OVERPRICED

Energy CS questioned over high power bills

Sanate wants some taxes in electrify billing revised downwards

In Summary

•Kenyans paying up to seven different taxes on electricity bill.

•Energy CS Charles Keter however says all taxes are justified, adding any adjustments will affect electricity projects in the country.

A Kenya Power prepaid user loads her metre in Kangemi Estate, Nairobi/FILE
A Kenya Power prepaid user loads her metre in Kangemi Estate, Nairobi/FILE

Energy Cabinet Secretary Charles Keter was yesterday put to task over the surging electricity  bills with senators proposing a reduction in the number of taxes levied.

The Energy Committee chaired by Nyeri Senator Ephraim Maina said Kenyans are burdened by ever rising power bills and the numerous taxes and levies.

A standard electricity bill in Kenya has an average seven taxes, which accounts for almost half of the amount of electricity paid for.

 
 

They include the Fuel Energy Charge (FEC) related to fuel oil used by thermal plants operated by KenGen and Independent Power Producers, isolated Rural Electrification Programme (REP) levy and Foreign Exchange Rate Adjustment (FEAFRA).

Consumers are also pay for inflation adjustment, VAT, Energy and Petroleum Regulatory Authority (EPRA) levy and Water Resources Management Authority (WRMA) levy.

For example, a domestic user consuming less than 100 kilowatt-hour, this month, will pay Sh10 for a unit of power, Sh2.43 FEC, 0.6 forex adjustment, Sh0.32 inflation adjustment, 0.023 WRMA levy, Sh0.03 goes to EPRA, while REP will take five percent of revenue from unit sales.

VAT is currently at 14 per cent with the total unit cost coming to Sh15.75.

For a house in rural Kenya that consumes about 50 units a month, on lighting of about two-three hours a night, will spend an average Sh787.32 on electricity.

A purchase of Sh300 units made this week gave 19.05 kilowatts-hour, tokens valued at Sh190.56.

Sh109.44 went into taxes among the Sh35.54 as VAT, Sh46.29(Fuel Energy Charge), Sh11 (Forex Charge), Sh9.52 (Rural Electrification Programme) and Sh6.09 (Inflation).

 
 

“Kenyans including myself are complaining about electricity billing. Kenyans are suffering,” Maina said asking CS Keter to give an insight on the taxes and levies.

Nominated Senator Petronila Were proposed the reduction of the REP levy from five per cent to one per cent, until post-Covid-19 when the economy bounces back.

“How can we relieve the pain on Kenyans, reduce it (REP) to one per cent until the economy is back then we can take it back to five per cent,” she said.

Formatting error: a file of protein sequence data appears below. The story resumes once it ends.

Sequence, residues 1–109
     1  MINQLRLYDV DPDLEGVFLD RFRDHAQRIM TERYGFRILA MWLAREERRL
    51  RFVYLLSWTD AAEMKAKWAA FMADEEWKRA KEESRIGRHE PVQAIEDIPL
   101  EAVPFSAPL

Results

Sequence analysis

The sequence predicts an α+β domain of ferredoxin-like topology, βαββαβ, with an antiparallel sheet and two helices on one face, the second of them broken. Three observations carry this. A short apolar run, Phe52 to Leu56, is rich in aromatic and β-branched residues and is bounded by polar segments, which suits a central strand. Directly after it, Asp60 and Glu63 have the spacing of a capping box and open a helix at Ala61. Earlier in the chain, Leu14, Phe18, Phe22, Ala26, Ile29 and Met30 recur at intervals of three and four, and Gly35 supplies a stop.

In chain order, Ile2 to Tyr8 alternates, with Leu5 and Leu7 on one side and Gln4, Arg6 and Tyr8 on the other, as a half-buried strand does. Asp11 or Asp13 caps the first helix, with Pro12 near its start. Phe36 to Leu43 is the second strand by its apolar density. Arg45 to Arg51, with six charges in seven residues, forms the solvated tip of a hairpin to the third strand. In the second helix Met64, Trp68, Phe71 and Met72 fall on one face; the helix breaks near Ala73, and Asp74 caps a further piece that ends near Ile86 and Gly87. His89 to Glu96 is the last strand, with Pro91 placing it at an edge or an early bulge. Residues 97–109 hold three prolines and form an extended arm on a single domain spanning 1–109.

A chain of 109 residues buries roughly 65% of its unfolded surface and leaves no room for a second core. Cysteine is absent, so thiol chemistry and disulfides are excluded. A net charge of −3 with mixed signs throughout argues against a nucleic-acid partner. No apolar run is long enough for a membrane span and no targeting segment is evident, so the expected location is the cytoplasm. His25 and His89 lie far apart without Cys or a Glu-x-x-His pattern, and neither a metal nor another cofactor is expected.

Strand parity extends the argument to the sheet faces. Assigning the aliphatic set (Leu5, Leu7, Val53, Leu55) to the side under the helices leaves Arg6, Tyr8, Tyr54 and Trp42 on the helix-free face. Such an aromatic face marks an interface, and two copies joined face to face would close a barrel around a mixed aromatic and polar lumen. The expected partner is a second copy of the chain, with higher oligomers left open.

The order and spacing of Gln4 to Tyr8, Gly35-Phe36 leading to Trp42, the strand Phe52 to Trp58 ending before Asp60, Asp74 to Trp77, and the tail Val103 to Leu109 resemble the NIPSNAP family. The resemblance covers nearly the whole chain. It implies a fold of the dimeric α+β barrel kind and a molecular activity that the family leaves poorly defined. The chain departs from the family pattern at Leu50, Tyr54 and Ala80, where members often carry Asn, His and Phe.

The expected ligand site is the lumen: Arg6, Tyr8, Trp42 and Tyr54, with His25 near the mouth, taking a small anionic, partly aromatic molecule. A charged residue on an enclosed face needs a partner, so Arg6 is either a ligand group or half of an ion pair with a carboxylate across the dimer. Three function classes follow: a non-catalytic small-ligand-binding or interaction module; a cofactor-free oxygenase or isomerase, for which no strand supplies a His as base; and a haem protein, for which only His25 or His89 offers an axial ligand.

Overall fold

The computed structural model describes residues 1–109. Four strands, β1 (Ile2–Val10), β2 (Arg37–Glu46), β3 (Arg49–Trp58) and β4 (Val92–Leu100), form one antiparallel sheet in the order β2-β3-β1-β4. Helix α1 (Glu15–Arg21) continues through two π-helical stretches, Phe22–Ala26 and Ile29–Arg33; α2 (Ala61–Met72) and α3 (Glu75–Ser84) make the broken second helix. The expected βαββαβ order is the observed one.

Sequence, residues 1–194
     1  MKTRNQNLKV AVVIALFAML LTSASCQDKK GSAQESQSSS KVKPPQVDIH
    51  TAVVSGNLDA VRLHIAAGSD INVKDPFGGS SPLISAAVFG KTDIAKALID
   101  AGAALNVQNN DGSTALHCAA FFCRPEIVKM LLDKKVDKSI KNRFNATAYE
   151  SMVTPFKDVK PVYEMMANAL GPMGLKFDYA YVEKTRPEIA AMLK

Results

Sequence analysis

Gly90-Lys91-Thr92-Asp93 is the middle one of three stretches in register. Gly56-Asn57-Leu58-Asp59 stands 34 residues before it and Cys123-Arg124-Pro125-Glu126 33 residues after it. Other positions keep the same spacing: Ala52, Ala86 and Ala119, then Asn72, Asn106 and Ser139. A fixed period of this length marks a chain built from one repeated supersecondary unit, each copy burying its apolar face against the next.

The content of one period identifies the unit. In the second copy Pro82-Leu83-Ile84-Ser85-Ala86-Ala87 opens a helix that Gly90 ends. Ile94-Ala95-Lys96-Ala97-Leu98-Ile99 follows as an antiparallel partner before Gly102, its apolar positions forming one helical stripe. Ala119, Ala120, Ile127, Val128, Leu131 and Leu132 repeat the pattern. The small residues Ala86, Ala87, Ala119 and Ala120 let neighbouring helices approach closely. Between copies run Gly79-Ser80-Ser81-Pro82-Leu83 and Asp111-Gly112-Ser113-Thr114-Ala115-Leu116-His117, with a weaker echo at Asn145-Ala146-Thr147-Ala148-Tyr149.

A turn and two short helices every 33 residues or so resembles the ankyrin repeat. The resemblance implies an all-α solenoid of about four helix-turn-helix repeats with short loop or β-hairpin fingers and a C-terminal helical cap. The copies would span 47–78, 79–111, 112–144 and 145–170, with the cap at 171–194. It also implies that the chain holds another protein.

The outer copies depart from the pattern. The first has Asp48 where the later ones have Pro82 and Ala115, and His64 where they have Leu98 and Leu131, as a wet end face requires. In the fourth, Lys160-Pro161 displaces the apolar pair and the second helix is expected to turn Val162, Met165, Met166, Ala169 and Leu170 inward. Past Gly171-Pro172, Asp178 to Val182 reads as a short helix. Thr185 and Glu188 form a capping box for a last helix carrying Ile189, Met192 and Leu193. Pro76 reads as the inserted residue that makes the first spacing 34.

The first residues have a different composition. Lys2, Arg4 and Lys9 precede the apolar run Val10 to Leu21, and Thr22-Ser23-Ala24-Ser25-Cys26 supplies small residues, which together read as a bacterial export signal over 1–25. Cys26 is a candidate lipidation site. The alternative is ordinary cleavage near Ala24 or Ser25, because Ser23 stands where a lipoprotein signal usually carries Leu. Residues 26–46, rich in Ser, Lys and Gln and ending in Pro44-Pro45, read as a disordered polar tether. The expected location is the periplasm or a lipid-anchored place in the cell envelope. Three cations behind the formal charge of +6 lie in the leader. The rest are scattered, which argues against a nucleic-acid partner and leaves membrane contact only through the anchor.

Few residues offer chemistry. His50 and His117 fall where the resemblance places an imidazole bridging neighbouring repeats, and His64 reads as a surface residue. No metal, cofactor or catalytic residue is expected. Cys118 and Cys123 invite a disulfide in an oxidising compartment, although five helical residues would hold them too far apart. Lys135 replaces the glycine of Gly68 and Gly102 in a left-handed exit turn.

Keter however defended all the taxes and levies saying they are justified.

“There is no intention of over billing.  Kenya Power is a listed company run above board,” Keter said.

On reduction of levies, mainly the REP, Keter said such a move would affect rural electricity projects.

“It can be one per cent, there is no problem, but it will slow down projects,” Keter said citing the funding of connections in off-grid areas.

The levy was introduced to support the electrification of rural and remote areas, a key element in driving the Last Mile Program which targets universal access to electricity by 2022.

Kenya Power has been under constant criticism form consumers who have continued to question the value for money spent electricity purchase.

Expensive Power Purchasing Agreements have been blamed for the high cost of electricity in the country, where consumers are paying even for un-utilized power as a result of overproduction.

The country has a generating capacity of over 2,800MW with a demand of about 1,926 MW, the highest, recorded in February this year before Covid-19 interrupted the economy.

In its financials for the year ended June 2019, Kenya Power blamed an increase in non-fuel power purchase costs as one of the main reasons for its 91.9 per cent drop in profit.

The costs went up by Sh18.1 billion to Sh70.9 billion, from Sh52.8 billion in a similar period in 2018, it said.

Revenues from electricity sales however grew by Sh16.9 billion to close at Sh112.4 billion, from Sh95.4 billion the previous year, a 17.8 per cent increase.

The rise in revenue is partly attributed to a tariff review at the beginning of the year prior to the subsequent tariff harmonisation that lowered rates for small commercial customers and broadened life-line tariff for domestic customers.